A hybrid-choice latent-class model for the analysis of the effects of weather on cycling demand
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In this paper we analyze demand for cycling using a discrete choice model with latent variables and a discrete heterogeneity distribution for the taste parameters. More specifically, we use a hybrid choice model where latent variables not only enter into utility but also inform assignment to latent classes. Using a discrete choice experiment we analyze the effects of weather (temperature, rain, and snow), cycling time, slope, cycling facilities (bike lanes), and traffic on cycling decisions by members of Cornell University (in an area with cold and snowy winters and hilly topography). We show that cyclists can be separated into two segments based on a latent factor that summarizes cycling skills and experience. Specifically, cyclists with more skills and experience are less affected by adverse weather conditions. By deriving the median of the ratio of the marginal rate of substitution for the two classes, we show that rain deters cyclists with lower skills from bicycling 2.5 times more strongly than those with better cycling skills. The median effects also show that snow is almost 4 times more deterrent to the class of less experienced cyclists. We also model the effect of external restrictions (accidents, crime, mechanical problems) and physical condition as latent factors affecting cycling choices.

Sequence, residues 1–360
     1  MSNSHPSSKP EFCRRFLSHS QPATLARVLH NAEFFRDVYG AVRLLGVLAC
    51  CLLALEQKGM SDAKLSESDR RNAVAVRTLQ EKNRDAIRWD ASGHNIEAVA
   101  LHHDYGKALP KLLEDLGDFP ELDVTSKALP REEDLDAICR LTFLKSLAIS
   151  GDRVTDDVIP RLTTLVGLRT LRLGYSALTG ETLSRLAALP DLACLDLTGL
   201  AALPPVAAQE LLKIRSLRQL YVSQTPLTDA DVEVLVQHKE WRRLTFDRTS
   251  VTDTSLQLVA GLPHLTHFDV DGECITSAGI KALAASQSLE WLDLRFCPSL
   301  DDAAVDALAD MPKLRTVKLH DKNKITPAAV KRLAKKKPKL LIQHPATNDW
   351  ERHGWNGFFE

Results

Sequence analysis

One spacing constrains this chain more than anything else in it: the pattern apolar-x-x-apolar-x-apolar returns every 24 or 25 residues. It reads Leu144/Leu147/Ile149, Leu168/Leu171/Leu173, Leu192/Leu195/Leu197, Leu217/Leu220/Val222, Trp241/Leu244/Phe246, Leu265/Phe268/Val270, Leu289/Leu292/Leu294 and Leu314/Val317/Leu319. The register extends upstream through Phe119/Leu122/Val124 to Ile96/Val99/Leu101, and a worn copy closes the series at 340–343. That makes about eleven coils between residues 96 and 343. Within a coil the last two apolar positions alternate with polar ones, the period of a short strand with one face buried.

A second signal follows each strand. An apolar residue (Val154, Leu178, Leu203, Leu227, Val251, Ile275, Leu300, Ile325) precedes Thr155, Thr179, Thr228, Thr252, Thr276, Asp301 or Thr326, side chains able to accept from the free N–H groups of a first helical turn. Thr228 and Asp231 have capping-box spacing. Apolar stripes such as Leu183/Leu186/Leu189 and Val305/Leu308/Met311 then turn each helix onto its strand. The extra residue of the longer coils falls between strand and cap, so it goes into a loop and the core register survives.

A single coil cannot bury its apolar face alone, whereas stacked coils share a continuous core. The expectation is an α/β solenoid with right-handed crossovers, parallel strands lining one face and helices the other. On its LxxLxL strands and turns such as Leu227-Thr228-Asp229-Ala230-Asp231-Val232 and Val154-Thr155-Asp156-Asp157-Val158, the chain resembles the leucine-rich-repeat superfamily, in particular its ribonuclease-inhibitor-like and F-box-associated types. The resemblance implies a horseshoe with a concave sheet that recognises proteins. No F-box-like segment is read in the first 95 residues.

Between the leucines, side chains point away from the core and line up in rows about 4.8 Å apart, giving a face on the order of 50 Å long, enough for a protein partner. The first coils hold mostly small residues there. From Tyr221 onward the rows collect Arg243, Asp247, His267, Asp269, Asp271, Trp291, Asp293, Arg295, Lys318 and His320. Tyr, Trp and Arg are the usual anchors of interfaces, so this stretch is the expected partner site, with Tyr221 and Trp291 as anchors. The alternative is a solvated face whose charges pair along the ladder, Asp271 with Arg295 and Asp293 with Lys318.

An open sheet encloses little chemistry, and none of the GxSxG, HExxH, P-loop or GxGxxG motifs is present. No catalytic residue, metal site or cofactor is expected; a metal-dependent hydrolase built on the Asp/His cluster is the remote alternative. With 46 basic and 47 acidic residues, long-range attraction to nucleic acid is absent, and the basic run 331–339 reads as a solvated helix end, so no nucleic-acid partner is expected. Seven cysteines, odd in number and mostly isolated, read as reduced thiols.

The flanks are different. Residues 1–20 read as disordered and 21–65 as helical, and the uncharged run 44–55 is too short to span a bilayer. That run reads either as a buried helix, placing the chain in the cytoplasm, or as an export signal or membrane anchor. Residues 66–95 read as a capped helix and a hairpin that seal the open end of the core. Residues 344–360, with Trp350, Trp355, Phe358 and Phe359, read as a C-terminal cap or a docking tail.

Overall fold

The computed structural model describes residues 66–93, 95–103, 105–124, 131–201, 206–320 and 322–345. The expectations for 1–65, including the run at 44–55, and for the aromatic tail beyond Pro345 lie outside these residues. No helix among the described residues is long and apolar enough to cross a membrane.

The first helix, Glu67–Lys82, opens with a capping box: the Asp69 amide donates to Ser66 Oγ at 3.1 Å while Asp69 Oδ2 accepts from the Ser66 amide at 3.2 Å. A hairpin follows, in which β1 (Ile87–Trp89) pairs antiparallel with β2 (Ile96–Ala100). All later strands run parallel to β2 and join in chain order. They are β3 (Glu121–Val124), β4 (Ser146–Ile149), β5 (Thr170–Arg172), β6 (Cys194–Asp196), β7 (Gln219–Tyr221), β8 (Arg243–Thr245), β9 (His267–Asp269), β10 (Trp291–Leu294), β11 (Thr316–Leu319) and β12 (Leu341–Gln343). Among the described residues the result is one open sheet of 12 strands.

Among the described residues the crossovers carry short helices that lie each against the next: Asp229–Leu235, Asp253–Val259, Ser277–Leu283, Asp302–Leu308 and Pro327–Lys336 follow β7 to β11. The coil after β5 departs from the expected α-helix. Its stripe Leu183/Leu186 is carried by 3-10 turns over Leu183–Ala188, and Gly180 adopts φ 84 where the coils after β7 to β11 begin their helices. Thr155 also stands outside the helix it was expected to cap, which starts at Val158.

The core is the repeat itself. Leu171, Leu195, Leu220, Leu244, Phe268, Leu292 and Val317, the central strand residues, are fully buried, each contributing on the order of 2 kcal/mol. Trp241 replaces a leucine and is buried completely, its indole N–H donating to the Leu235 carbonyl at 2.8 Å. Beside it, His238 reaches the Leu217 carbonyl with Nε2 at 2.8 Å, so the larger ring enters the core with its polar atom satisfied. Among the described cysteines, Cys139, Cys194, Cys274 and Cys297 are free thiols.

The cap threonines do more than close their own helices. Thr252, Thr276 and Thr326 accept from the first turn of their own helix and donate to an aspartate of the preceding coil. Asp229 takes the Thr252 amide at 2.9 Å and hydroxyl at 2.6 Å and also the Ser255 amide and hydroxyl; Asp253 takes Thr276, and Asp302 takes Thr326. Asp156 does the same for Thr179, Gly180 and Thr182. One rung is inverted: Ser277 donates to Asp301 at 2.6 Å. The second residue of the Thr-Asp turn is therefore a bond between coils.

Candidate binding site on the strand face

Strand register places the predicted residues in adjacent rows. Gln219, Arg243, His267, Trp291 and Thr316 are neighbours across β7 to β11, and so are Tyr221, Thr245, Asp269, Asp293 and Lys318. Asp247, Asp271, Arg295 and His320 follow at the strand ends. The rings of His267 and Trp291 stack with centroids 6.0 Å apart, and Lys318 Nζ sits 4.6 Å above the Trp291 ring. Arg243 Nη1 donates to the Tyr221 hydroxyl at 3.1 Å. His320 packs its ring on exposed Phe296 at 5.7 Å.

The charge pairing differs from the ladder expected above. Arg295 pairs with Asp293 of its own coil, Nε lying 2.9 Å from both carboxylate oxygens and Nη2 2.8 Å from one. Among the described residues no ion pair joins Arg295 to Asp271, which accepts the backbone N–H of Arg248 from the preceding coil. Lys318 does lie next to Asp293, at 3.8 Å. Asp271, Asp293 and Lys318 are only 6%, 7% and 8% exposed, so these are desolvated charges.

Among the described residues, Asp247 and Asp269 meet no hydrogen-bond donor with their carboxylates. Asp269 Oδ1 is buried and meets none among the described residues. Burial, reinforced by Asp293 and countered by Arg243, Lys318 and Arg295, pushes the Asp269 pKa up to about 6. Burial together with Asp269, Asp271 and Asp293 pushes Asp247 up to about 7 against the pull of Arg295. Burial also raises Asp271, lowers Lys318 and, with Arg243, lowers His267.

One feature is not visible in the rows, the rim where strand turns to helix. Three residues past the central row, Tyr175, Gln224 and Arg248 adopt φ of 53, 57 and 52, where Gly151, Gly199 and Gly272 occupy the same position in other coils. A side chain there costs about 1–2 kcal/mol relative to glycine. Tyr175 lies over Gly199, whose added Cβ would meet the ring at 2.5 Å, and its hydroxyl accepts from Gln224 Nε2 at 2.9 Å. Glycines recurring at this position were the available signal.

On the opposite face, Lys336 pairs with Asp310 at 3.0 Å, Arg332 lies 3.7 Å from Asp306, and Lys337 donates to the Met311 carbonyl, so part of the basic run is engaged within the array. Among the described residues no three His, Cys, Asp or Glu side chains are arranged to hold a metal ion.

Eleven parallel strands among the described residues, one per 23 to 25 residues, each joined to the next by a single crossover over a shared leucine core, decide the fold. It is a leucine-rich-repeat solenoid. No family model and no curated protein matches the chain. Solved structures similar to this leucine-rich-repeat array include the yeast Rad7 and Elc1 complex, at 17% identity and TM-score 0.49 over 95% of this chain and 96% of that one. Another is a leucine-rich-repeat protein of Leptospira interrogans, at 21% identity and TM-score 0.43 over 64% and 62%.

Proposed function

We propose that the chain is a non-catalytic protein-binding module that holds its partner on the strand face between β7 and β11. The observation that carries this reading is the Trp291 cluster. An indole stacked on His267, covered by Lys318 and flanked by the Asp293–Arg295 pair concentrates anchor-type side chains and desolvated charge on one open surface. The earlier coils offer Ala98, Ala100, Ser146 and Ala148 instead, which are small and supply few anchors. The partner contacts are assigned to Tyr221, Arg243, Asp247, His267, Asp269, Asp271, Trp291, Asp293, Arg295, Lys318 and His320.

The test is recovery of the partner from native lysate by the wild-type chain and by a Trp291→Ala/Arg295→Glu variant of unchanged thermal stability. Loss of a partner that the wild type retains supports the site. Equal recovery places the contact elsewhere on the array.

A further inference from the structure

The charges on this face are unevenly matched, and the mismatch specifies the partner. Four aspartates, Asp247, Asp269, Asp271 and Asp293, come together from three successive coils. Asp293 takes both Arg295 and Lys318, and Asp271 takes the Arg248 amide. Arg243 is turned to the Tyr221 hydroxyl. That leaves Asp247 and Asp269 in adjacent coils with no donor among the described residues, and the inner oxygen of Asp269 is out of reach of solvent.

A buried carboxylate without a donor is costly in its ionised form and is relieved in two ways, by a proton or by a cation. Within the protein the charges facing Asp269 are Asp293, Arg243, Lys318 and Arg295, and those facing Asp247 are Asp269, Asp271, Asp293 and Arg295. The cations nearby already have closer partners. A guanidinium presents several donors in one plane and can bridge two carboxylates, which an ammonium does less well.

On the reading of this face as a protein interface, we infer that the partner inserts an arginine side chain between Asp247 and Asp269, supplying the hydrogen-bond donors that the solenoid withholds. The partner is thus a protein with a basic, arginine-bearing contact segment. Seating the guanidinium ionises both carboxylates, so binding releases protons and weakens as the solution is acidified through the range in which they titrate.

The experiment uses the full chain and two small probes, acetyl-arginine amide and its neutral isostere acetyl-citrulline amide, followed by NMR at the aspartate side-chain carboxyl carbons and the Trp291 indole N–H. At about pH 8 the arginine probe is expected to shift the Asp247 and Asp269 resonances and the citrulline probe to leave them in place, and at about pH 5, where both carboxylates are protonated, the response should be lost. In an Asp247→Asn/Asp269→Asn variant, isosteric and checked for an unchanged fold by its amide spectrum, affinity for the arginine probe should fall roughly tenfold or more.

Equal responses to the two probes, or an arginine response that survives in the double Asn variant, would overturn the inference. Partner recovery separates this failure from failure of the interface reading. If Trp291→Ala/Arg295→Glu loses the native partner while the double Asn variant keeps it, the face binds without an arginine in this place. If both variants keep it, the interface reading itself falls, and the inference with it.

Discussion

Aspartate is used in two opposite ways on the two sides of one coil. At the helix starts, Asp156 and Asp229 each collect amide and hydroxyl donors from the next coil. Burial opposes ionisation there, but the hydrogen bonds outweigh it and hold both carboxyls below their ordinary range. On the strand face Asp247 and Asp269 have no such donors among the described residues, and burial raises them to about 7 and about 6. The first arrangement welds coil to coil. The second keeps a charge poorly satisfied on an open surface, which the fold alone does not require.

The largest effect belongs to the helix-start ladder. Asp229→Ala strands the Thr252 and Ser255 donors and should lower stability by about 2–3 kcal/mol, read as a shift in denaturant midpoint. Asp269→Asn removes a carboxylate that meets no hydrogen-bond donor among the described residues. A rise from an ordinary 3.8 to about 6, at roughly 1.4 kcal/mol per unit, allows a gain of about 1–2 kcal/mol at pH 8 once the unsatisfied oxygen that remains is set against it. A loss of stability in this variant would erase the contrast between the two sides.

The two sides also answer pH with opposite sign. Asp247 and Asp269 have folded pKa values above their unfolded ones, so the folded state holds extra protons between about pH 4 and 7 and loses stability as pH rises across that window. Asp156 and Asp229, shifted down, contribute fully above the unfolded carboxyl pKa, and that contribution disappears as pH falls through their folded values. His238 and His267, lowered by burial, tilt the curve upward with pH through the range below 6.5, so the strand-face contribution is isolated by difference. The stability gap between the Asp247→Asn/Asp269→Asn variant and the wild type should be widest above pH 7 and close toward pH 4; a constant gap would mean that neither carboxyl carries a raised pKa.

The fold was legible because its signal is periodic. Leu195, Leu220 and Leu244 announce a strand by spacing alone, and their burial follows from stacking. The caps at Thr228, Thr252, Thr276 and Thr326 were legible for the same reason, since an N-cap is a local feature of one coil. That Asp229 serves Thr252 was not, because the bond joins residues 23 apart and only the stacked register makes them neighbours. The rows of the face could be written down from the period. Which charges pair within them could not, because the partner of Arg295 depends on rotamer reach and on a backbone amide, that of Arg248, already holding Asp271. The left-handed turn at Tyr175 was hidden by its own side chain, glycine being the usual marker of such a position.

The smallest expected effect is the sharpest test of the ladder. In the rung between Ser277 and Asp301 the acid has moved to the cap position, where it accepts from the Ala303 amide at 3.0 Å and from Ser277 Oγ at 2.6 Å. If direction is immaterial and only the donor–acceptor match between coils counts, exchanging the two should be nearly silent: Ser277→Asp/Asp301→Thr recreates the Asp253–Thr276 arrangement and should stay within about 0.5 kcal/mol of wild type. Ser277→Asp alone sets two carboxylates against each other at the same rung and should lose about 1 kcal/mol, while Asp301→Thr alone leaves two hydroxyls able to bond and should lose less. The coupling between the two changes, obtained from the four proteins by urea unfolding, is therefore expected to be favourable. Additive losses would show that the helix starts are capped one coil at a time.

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This research is based upon work supported by the University Transportation Research Center Region II, Grant NYSDOT ID 49997-35-24.
discrete choice; cycling demand; hybrid choice; discrete choice experiment; active transportation; utilitarian cycling